Pfluger Arch,
392, 211 (1982).
The main purpose of this invention is to produce bioadhesive polymeric networks or hydrogels for use in the body while ensuring that the polymeric network or hydrogel will break down into molecular weights that can be cleared by the body. This invention uses a low degradation bioadhesive backbone, synthesized with crosslinks that gel the backbones into a network. This bioadhesive hydrogel can degrade back to a low molecular weight backbone that can be cleared from the body. Thus the matrix is lost via degradation of the crosslinks. This mechanism of degradation may also give different control over the release of materials than that of a matrix, which is degrading via equal scission of the backbone and crosslink junctions.
It has been previously shown that non-ionic, non-bioadhesive electrophoresis hydrogels may be made with disulfide functional crosslinkers. These polyacrylamide electrophoresis gels may be digested to release the material being separated (RNA fragments). See for example, Hansen, H. J.,
Anal. Biochem.,
76, 37 (1976). Electrophoresis, as known to those skilled in the art, uses electrical current and mobility to separate proteins and other such biological compounds in a gel matrix. Therefore, the gel matrix should show little interaction with biological materials and is not considered bioadhesive.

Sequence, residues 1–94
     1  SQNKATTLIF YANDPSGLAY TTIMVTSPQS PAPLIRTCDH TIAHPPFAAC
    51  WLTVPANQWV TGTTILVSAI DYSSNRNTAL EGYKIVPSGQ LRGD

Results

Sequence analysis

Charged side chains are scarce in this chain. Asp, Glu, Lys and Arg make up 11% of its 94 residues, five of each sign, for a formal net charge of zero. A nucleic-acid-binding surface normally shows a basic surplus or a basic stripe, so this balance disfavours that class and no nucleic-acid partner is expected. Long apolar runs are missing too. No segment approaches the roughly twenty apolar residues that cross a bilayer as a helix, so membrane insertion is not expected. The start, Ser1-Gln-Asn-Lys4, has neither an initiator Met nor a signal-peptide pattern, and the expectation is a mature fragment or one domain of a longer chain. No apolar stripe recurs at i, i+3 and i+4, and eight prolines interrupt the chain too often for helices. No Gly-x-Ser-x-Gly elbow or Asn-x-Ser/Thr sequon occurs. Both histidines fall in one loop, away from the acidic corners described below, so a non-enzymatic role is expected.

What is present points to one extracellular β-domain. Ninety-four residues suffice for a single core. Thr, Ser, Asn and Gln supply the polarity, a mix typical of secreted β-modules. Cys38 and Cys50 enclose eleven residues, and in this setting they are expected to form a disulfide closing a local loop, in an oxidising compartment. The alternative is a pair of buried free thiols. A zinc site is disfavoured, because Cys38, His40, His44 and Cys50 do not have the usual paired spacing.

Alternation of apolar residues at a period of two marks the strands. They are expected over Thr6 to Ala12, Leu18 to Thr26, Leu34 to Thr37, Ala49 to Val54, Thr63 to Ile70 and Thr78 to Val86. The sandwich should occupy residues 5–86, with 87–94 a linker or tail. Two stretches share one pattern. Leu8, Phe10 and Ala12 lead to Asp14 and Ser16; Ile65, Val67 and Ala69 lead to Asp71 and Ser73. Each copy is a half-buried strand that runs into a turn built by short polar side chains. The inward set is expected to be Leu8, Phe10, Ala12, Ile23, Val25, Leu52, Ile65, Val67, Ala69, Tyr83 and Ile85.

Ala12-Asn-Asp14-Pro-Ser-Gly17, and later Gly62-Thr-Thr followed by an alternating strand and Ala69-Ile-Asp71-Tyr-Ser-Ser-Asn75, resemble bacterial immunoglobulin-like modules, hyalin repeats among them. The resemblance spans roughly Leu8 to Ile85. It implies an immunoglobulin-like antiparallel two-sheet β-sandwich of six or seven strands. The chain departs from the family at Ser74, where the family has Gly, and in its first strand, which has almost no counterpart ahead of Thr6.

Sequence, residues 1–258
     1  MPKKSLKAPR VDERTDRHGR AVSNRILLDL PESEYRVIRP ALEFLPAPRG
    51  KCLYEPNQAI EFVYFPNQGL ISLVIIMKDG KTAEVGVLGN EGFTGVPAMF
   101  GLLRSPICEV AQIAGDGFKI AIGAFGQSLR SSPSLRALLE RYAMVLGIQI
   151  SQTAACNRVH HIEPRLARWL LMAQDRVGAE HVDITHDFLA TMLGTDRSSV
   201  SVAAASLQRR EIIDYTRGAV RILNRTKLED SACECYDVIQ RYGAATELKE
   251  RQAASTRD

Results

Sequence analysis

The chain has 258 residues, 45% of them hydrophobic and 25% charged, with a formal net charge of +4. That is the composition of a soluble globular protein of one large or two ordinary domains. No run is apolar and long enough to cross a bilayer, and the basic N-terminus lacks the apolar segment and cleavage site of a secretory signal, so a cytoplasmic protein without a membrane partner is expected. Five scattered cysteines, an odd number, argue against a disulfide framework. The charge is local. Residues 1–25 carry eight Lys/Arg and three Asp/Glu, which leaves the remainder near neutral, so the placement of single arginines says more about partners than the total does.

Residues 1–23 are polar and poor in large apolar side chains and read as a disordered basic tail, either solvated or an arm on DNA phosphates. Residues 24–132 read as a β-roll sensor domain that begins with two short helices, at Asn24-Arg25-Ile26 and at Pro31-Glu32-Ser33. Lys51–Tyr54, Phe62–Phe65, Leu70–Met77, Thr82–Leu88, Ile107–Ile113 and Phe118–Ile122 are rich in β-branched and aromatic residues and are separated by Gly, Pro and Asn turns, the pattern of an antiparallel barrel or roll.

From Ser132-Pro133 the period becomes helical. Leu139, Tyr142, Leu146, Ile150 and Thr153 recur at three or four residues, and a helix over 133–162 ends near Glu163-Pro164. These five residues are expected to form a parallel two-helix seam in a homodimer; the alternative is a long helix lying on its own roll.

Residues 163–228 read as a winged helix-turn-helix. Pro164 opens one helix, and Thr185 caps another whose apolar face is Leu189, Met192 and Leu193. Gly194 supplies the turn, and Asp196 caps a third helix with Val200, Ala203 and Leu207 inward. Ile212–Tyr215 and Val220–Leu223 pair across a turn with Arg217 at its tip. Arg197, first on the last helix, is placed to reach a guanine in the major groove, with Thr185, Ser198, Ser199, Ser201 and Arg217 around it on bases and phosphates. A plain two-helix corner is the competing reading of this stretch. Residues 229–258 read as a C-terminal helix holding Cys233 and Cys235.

Yip discloses in U.S. Pat. No. 4,898,824 a crosslinked polyacrylamide-sulfhydryl polymer for immobilization of biologically active substances. Saffran, et al. disclose in U.S. Pat. No. 4,663,308 high molecular weight polymers of one or more ethylenically unsaturated monomers copolymerized with a divinylazobenzene compound to coat or otherwise entrap drugs that are labile in the stomach, have an undesirable effect in the stomach, or are targeted at the colon. Release of drug occurs via the cleavage of the azobonds by the azoreductases that abound in the colon but are not prevalent in the stomach or small intestine. U.S. Pat. No. 4,663,308 suggests various acrylic acid esters and amides as well as unsaturated acids as possible monomers. However, the only copolymer exemplified in the patent is a hydroxyethyl-methacrylate (HEMA)-styrene copolymer that contains no ionizable group. This copolymer has low bioadhesion because there are no carboxyl or other ionizable co-monomers. Further, the copolymers of U.S. Pat. No. 4,663,308 are crosslinked under the gel point (branched) and are thus soluble in organic solvents.